Fight Like A Girl: Documentary Filmmaker Yoon-Young Lee On Jiu-Jitsu As A Revolutionary Act

Image Source: Yoo-Young Lee

Yoon-Young Lee first heard of jiu-jitsu when she saw images of suffragettes in long dresses using jiu-jitsu to stand up to police brutality in England in the early twentieth century.

“The women’s social movement in Korea is now focused on reclaiming the physical abilities of women. So that was one kind of educational news that was supposed to go to the women’s community. That’s how I saw jiu-jitsu. I think it was embedded in my mind for a while. I think it maybe had been a good motivation for me to join my friend when she asked me to do it.”

Yoon-Young describes herself as “a stereotypical girl” at the time. “It was not like I had motivation to train sports. I was skinny, I thought going on a diet is better than working out. My friend wanted to join military service, so she needed a dummy to practice on. She’s shorter than me, but she wanted a challenge, and I’m tall, so she wanted to use me,” she said in an interview with the Jiu-Jitsu Times.

As an independent film-maker, it seems natural that not long after beginning her jiu-jitsu journey, Yoon-Young decided to film a short documentary. Fight Like a Girl, released in 2016, was screened at numerous film festivals in South Korea and the US. Intimate, reflective, and filled with pathos, it documents the lead-up to Yoon-Young’s first tournament and her experiences afterward. Yoon-Young is courageous and generous in sharing her inner dialogue with her camera. Some elements of her life will be recognizable to high-level competitors on the pro-circuit as well as novices – the tiny, cluttered room with gis hung out on every available surface that is her home, for example. “Well, not the home I had hoped for,” she reminds us in the film’s narrative.

“My parents are very conservative, especially my mum. The image of being feminine is already built up, and she observes it… The reason I had to live in that tiny room was because I had to leave my house. My parents couldn’t let me train jiu-jitsu, because to them it was just hugging sweaty guys and rolling on the floor. It was just not appropriate. There was a miscommunication, and I had to leave my house.”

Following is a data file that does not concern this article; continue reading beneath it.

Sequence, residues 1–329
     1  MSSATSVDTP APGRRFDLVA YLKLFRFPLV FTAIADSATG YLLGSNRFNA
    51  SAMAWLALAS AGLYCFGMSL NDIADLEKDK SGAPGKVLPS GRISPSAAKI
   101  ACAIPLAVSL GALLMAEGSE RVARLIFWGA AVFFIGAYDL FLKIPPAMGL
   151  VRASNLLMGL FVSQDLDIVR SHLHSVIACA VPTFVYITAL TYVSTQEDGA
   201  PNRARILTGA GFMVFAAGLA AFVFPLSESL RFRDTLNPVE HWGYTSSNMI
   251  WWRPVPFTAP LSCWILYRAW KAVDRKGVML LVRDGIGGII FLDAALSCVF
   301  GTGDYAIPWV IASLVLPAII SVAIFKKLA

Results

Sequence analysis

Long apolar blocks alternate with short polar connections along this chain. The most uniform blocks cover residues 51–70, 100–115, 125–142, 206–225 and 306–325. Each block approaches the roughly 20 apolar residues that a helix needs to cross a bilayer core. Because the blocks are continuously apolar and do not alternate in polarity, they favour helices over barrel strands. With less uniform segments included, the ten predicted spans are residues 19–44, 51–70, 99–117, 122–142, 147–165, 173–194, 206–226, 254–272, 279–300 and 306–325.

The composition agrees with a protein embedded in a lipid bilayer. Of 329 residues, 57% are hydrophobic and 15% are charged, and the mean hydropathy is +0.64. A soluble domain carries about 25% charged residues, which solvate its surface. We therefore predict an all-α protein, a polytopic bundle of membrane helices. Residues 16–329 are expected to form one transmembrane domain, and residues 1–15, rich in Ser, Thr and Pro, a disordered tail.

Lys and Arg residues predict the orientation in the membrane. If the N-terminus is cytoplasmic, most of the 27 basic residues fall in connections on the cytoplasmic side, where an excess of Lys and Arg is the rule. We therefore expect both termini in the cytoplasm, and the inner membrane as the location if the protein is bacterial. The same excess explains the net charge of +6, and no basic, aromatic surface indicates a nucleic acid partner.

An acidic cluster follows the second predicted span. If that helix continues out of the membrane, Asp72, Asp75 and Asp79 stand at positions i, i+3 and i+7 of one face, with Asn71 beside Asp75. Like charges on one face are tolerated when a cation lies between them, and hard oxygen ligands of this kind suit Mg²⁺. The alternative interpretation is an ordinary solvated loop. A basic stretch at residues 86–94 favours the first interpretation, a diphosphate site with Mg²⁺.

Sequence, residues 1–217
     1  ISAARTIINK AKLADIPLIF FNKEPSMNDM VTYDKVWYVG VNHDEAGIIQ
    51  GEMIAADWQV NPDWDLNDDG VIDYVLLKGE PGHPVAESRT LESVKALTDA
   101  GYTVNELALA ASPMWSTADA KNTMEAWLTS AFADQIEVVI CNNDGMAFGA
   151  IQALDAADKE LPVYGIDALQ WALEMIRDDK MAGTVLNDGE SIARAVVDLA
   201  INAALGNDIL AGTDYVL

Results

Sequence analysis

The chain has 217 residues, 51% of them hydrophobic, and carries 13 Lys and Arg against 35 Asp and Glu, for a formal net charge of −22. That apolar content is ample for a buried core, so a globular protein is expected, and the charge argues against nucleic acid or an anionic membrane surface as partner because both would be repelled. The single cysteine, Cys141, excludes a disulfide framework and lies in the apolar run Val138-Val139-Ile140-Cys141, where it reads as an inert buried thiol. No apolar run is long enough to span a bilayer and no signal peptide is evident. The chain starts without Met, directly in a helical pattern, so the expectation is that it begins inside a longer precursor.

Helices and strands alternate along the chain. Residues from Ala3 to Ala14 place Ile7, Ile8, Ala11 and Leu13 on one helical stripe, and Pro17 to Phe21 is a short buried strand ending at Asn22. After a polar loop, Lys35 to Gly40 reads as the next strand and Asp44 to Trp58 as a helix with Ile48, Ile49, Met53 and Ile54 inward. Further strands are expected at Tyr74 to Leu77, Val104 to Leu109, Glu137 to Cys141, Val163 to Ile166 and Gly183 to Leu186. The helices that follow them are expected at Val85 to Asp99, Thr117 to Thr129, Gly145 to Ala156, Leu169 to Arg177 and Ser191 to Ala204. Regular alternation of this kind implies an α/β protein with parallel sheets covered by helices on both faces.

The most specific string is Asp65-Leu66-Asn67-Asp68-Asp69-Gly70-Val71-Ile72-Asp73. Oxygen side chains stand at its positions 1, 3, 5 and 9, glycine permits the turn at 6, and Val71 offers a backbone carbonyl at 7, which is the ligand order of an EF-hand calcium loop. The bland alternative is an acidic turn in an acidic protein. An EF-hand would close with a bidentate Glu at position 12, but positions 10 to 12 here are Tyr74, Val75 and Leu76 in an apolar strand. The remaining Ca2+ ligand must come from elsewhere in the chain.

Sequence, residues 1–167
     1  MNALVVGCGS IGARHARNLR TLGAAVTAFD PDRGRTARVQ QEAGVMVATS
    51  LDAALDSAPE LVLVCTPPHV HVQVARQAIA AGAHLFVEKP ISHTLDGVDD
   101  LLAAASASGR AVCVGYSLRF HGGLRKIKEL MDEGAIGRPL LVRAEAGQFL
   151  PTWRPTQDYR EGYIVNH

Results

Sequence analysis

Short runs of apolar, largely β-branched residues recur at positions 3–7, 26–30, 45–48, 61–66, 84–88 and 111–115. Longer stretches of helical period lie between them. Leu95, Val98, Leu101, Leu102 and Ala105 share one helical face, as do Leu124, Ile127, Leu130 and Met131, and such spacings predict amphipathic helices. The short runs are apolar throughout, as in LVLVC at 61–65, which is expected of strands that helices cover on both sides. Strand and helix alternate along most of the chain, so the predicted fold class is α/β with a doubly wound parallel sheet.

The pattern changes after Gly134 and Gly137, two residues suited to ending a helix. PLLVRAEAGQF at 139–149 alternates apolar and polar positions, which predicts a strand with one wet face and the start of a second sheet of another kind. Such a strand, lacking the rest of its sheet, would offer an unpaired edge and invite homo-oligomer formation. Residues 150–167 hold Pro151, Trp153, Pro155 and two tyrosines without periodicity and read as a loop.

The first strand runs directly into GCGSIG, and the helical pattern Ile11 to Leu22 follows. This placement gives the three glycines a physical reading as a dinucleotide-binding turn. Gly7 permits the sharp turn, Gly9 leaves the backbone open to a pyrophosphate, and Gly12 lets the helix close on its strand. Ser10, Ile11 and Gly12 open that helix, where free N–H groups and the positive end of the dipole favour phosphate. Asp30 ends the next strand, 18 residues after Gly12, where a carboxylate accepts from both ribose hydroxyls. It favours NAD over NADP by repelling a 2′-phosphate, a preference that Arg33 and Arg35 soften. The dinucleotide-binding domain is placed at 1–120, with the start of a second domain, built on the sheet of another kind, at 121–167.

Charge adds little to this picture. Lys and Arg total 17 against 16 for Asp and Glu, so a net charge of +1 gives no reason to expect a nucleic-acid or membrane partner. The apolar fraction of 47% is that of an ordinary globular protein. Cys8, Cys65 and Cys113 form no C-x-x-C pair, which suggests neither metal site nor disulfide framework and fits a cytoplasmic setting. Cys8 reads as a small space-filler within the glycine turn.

Throughout the film, she talks about her desire to fight and be strong, and expresses her frustration at the limitations that gender stereotyping creates for her. She includes conversations with male black belts who state that women are only interested in jiu-jitsu to lose weight or learn self-defense. Yoon-Young does not see herself as special – she describes her desire to be strong and to fight in terms that posit it as something natural, inbuilt and human, and resents being portrayed as a victim by the self-defense narrative that plagued her early experiences with jiu-jitsu in South Korea.

Finally, Yoon-Young turns her camera to Professor Heejin Lee, South Korea’s first (and at that time only) female black-belt.

Professor Lee speaks from within her own academy with a self-assurance that has been missing from Yoon-Young’s narrative so far.

“I admit there are issues of discrimination or unfairness,” Professor Lee says, sitting on the mats inside her academy, Queen of Jiu-Jitsu. “But when we discuss a matter of equality and making it fair, we shouldn’t divide the stances by only gender. Not just as any woman or any man, but rather focus on each one’s capabilities. Make them admit by showing how much you can pull off. Then it’s done, right?”

Before meeting Professor Lee, female role models for Yoon-Young were hard to find back in 2016, although she notes that there has been a significant increase in women’s participation since then.

The end of a relationship with a fellow jiujiteiro ignited within her a new desire, one that would ultimately expose her to more women in positions of ownership, which she sees as the most beneficial situation.